BY EMMA HALL
The Oregon Business Plan's seventh annual leadership summit got under way this morning with the theme of breaking from business as usual. This theme comes despite major similarities between the state economy now in 2010 and in 2002 when the first summit was held.
Oregon is beset with high unemployment (currently above 10%, compared to 2002's 7%) and a state budget shortfall projected to be $3.2 billion, $1 billion more than it was at 2002's summit.
This year's summit at the Oregon Convention Center features both outgoing governor Ted Kulongoski and incoming (not-so-new) governor-elect John Kitzhaber. Kitzhaber will deliver the keynote this afternoon.
The summit this morning focused on hour-long regional economic strategy sessions, dividing the state into eight areas: Central Oregon, Eastern Oregon, the Gorge, Klamath Basin, NW Oregon, the Rogue Valley, the South Coast and the Willamette Valley.
Over breakfast, business leaders from all over the state discussed their specific regions and what was being done to improve the state's economy. Attendees discussed what kind of role each region could play in improving the state economy, and what the most important thing the state could do to partner with each region.
After an hour of collaboration and discussion, all attendees of the OBC leadership summit met for a plenary session in the convention center's ballroom.
U.S. Sens. Ron Wyden and Jeff Merkley made opening remarks, focusing on ending business as usual in Oregon. The senators are both returning to Washington, D.C., later today.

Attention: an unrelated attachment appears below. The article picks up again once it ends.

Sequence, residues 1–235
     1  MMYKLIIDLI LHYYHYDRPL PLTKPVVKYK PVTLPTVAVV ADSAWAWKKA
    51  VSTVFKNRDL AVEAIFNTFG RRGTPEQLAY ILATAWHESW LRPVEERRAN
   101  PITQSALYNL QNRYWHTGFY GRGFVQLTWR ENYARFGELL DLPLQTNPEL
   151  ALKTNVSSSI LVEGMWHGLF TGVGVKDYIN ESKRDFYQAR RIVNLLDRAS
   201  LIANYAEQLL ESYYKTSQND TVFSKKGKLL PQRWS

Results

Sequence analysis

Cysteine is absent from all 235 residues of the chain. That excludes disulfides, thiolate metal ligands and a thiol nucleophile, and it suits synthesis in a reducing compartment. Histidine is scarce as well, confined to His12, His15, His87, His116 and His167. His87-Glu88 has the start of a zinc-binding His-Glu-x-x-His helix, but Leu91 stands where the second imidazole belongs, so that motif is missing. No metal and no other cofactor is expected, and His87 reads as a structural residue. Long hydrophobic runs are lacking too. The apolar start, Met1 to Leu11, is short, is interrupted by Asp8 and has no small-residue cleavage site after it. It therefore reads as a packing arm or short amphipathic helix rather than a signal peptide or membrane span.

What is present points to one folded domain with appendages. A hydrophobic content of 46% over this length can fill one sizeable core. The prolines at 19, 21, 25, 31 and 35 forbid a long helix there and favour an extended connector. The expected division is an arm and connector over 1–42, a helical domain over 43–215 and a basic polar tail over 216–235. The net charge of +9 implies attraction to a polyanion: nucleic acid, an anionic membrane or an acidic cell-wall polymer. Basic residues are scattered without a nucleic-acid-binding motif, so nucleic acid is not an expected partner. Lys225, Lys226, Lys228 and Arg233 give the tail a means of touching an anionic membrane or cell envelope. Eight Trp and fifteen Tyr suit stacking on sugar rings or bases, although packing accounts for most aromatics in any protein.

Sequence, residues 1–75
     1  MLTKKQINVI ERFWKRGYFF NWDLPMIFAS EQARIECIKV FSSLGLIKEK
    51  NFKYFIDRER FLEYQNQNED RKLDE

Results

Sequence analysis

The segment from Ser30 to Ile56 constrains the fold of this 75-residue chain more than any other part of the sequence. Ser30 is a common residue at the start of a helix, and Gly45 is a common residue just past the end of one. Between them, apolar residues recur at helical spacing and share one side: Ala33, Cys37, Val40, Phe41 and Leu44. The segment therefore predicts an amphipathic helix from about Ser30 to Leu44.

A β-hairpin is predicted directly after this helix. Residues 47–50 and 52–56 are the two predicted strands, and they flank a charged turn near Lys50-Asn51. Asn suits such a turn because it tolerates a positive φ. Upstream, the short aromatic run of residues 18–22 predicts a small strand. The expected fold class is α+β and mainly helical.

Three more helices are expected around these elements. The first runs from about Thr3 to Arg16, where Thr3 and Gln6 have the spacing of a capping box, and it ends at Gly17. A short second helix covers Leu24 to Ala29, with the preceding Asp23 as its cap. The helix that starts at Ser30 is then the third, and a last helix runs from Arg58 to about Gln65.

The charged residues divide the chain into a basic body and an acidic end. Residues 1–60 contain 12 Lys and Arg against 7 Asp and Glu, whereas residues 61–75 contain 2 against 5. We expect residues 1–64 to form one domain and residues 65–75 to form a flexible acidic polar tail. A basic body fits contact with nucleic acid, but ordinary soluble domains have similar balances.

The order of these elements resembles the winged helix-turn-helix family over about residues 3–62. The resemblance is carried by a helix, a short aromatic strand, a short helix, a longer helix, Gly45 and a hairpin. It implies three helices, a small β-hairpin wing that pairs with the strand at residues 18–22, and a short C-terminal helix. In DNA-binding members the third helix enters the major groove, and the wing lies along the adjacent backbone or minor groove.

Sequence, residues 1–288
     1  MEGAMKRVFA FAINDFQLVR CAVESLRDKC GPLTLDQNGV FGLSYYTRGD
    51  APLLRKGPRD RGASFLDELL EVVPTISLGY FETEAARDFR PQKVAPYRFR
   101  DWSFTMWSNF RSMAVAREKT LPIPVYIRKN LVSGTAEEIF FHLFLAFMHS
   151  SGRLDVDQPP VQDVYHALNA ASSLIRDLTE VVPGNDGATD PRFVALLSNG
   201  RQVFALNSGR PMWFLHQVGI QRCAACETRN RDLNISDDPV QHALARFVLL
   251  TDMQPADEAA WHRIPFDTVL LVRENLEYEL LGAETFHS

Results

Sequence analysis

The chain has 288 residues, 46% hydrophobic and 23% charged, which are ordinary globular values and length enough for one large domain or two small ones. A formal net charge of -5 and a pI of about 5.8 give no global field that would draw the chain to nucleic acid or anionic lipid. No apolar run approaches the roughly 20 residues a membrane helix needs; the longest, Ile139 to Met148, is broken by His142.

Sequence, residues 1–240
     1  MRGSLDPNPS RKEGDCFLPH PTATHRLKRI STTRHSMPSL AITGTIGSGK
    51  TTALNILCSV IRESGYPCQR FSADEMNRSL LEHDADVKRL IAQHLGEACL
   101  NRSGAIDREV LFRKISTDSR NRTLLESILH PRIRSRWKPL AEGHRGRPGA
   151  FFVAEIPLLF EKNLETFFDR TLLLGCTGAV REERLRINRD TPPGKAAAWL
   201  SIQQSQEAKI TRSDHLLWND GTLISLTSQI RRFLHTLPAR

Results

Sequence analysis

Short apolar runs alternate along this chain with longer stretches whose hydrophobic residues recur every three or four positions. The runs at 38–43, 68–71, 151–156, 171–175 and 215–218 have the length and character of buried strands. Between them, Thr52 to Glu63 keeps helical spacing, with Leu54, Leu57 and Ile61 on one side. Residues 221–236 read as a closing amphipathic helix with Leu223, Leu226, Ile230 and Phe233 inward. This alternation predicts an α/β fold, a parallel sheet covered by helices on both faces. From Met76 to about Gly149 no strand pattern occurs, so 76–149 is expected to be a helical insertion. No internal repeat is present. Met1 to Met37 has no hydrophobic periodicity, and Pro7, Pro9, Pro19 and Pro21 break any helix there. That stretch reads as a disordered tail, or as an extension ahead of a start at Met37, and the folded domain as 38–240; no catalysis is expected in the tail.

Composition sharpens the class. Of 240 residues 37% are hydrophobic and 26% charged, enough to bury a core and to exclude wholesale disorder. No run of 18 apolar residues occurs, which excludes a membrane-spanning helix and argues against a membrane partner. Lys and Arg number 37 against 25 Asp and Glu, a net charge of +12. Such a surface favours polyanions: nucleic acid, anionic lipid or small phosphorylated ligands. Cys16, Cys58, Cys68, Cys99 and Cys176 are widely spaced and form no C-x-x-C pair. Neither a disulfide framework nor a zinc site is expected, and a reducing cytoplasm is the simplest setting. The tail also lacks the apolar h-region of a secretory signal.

Wyden said that at the federal level, ending business as usual means three things:
-Cutting the federal budget deficit and creating jobs
-Ending what has happened with the government becoming enslaved to process and procrastination.
-Restoring Oregon's traditional industries and finding new ones the state can improve on.
Wyden referenced a few of his plans to help the state's economy. They include:
-Reviving the timber industry
-Containing healthcare costs
-Overhauling the federal tax policy
-Encouraging trade and exports
-Establishing Oregon's agriculture brands in Asia before Australia, Chile and New Zealand
-Designing and manufacturing green energy components for export, especially solar panels and wind energy components
-Increasing digital trade through software innovation and cloud computing (Wyden called the Internet the "shipping lane of the 21st century")
"I know you're going to give us a solid game plan for changing business as usual," Wyden said.
Merkley emphasized the need for access to capital to encourage small business development and increase jobs.
"Frozen lending has been a huge handicap in finding our way out of this economic recession," Merkley said.
Pat Reiten, chair of the Oregon Business Plan Steering Committee, presented the "Agenda for 2011 and Beyond."
"This is not the Portland business plan, it's not the Salem business plan, it's the Oregon business plan, so all of Oregon should own it," Reiten said.
When Pam Silbernagel of the Oregon Cascades West Council of Governments addressed members of the Willamette Valley regional session, she asked who in the room thought Oregon's economy would be better in three years. After looking around at representatives for Oregon's higher education facilities, entrepreneurs, and state representatives, a majority of the room raised their hands high.
Emma Hall is a contributing writer for Oregon Business.